Digital MarketingStrategiesInternet Advertising Best Practices: Five Rules to Brand By

Internet Advertising Best Practices: Five Rules to Brand By

Last week, Dynamic Logic, AdRelevance, and 24/7 Media presented a paper titled "The Five Golden Rules for Online Branding," describing the characteristics of the most effective ad units as measured by Dynamic Logic's AdIndex. By analyzing the branding impact of 32 banners, based on 32,000 online surveys, the team found five attributes of Internet advertisements that drive brand awareness, purchase intent, and the ability to associate a message with a product.

Good companies that rely on direct marketing test everything. When they send out a direct mail piece, for example, they test envelope size and color, different pitches and offers, and dozens of other elements to achieve a combination that has the best effect against different targets.

These companies have quantitative ways to gauge effectiveness. It’s pretty simple (at least to describe): The marketing pieces that acquire, convert, and/or help retain the most number of profitable customers in a test are considered the most successful and are used on a large scale.

Some companies, and the agencies that service them, apply these principles to Internet advertising. They test various combinations of banner size, color, and layout to get the best behavioral response. The combinations that are most successful in terms of click-through and customer acquisition are used with increasing weight as a campaign goes on.

Sometimes, results can turn into experience and benchmarks, answering questions like: Do “tricky banners” work for us? Do we get a good response with the color red? What size banners get the best click-through? Companies and agencies can develop best practices that work best for them.

But Internet advertising does not live by clicks alone. Tom Hespos, ClickZ’s very own Internet visionary, has very effectively argued that click-through rate can be a very poor metric for gauging marketing success. Tom, being the helpful and knowledgeable guy that he is, has described tools that can measure the attitudinal, or branding, impact of Internet advertising.

The good news is that these branding metrics are starting to allow us to understand what types of brand advertising have the most effect on the Internet, and starting to point to some best practices in making Internet ads effective, regardless of whether people click or not.

Last week was a milestone in Internet advertising research. Representatives from Dynamic Logic, AdRelevance, and 24/7 Media presented a paper titled “The Five Golden Rules for Online Branding,” describing the characteristics of the most effective ad units in a small sample, as measured by Dynamic Logic’s AdIndex.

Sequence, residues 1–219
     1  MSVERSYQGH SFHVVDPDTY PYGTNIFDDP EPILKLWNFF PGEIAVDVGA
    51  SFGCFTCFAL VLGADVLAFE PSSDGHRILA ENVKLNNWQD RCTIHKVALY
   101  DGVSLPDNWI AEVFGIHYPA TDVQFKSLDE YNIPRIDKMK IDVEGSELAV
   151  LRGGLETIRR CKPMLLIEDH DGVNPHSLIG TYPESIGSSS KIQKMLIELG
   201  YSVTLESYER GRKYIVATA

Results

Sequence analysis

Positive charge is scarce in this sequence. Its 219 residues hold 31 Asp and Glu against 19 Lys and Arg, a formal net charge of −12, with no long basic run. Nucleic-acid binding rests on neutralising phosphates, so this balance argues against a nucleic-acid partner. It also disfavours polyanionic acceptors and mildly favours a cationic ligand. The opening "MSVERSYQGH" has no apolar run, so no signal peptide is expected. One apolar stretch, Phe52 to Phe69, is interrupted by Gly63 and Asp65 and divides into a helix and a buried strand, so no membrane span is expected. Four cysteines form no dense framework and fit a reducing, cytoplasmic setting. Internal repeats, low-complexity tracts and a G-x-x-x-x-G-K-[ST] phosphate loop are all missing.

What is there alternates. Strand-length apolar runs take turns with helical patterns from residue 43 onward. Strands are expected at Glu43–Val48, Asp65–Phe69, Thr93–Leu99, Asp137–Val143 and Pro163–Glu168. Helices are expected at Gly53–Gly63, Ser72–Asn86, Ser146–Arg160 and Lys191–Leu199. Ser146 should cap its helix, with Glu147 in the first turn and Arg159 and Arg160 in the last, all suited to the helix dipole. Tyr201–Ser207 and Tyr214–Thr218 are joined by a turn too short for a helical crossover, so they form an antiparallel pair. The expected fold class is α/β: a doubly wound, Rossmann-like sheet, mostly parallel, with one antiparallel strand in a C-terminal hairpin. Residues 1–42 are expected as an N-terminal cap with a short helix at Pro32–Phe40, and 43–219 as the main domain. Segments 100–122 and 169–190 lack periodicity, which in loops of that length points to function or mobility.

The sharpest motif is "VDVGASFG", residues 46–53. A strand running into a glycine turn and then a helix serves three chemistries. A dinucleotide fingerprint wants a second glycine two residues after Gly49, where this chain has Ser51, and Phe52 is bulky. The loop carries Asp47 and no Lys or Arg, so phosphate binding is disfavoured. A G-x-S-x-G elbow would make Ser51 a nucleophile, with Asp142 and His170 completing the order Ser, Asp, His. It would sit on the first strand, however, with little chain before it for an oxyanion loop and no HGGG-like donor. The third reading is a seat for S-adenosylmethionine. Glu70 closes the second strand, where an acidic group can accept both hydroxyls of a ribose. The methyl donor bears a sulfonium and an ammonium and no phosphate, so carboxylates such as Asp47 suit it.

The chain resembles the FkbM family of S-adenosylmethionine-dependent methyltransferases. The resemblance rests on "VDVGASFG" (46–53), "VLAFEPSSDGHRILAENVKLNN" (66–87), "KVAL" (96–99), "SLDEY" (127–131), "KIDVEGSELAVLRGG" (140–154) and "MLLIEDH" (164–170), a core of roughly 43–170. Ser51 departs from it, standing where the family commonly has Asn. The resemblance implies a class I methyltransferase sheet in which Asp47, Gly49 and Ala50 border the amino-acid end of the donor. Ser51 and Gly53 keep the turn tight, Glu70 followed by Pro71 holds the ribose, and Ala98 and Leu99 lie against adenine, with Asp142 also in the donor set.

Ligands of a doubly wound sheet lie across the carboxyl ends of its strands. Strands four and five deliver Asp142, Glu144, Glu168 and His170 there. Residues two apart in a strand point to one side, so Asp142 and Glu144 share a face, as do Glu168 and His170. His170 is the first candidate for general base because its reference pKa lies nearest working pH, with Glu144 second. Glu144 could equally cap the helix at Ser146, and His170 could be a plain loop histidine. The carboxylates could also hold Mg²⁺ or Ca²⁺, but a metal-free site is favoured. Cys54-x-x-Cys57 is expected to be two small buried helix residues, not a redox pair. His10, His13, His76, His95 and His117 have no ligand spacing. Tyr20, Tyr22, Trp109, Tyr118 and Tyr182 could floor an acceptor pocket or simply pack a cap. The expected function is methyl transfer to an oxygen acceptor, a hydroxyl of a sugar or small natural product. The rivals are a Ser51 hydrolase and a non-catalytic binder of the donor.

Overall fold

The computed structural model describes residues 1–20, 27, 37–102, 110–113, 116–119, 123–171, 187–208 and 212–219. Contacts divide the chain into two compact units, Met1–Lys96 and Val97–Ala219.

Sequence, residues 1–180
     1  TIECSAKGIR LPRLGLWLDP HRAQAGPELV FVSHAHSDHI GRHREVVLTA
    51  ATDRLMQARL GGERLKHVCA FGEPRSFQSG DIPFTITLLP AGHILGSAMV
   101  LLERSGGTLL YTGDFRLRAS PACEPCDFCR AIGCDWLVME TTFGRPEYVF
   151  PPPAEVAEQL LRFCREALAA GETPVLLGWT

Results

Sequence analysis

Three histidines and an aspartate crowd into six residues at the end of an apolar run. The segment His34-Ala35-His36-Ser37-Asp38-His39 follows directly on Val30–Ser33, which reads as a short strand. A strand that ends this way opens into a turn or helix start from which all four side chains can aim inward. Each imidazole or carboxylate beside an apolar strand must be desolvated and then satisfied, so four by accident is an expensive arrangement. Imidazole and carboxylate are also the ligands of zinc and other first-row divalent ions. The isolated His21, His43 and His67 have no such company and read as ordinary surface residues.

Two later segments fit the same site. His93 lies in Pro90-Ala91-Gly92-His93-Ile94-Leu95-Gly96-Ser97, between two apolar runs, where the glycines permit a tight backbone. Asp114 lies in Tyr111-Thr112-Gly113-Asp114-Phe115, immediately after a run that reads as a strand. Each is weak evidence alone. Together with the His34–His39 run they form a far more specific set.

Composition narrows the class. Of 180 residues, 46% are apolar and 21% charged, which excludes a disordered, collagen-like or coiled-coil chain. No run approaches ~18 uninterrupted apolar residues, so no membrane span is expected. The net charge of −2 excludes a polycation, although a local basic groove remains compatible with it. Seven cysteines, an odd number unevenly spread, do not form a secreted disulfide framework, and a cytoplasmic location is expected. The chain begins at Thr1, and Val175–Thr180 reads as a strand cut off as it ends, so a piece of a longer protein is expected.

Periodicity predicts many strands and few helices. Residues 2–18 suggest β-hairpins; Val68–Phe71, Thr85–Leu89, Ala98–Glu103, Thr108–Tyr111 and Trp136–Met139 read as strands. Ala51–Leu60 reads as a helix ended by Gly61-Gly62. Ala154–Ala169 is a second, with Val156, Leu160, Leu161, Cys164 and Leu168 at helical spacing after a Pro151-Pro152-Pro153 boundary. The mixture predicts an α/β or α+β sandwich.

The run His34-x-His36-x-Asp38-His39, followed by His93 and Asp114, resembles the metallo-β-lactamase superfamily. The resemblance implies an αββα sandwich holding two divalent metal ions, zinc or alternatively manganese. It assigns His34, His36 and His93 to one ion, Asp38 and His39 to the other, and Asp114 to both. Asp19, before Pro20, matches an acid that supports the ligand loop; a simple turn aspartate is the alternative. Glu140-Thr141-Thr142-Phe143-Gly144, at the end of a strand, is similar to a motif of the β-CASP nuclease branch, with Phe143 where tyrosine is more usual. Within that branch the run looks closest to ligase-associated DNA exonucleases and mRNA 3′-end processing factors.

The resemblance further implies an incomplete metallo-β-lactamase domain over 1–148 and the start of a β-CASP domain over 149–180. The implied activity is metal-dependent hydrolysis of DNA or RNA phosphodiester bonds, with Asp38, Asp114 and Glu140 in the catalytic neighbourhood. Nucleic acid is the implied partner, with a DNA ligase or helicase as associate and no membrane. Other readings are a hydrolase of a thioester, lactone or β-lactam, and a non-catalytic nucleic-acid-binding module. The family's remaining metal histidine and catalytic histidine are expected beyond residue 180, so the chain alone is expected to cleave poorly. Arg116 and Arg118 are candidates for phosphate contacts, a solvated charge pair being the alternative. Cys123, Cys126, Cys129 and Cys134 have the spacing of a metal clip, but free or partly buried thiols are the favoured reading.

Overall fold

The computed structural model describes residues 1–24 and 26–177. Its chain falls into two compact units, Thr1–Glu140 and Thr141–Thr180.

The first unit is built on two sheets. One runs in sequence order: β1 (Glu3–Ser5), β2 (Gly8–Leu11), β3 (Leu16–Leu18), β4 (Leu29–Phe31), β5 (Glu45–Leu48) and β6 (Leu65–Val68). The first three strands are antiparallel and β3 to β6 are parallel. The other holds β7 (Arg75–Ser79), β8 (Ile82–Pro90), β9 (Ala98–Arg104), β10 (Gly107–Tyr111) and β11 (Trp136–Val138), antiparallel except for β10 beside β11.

By analyzing the branding impact of 32 banners, based on 32,000 online surveys, the team found five attributes of Internet advertisements that made them most effective in driving brand awareness, purchase intent, and ability to associate a message with a product. Here they are:

  • Banner clutter. The team found that an excessive number of creative elements in a banner reduces its ability to raise brand awareness and banner recall. In other words, if branding is an objective, it’s best to keep banners simple.
  • Logo size. Results suggested that the bigger the logo in an ad, the more likely the advertisement will send a clear message to consumers.
  • Banner size. According to the report, bigger banners impact consumers more. The team recommends using larger-size banners when branding impact is an objective.
  • Frequency. Pretty intuitive: The more times people see an ad, the more likely it is to have an impact. The optimal number seems to change based on the industry and creative effectiveness, but results seem to indicate that a frequency of five impressions per target is the most efficient.
  • Presence of a human face. Results indicate that banners with a human face increased people’s interest in a product. Although the sample size (of banners) is very small, this result is consistent with some earlier studies in offline advertising.

What makes the report exciting, in my opinion, isn’t the five “Golden Rules.” It’s that we can now start to learn what works and what doesn’t in using Internet advertising to change people’s attitudes toward products.

The promise of Internet advertising has always been that it is more quantifiable than advertising offline. Being able to quantify the impact of branding, and eventually develop best practices that work best for us, is a great boon for our industry.

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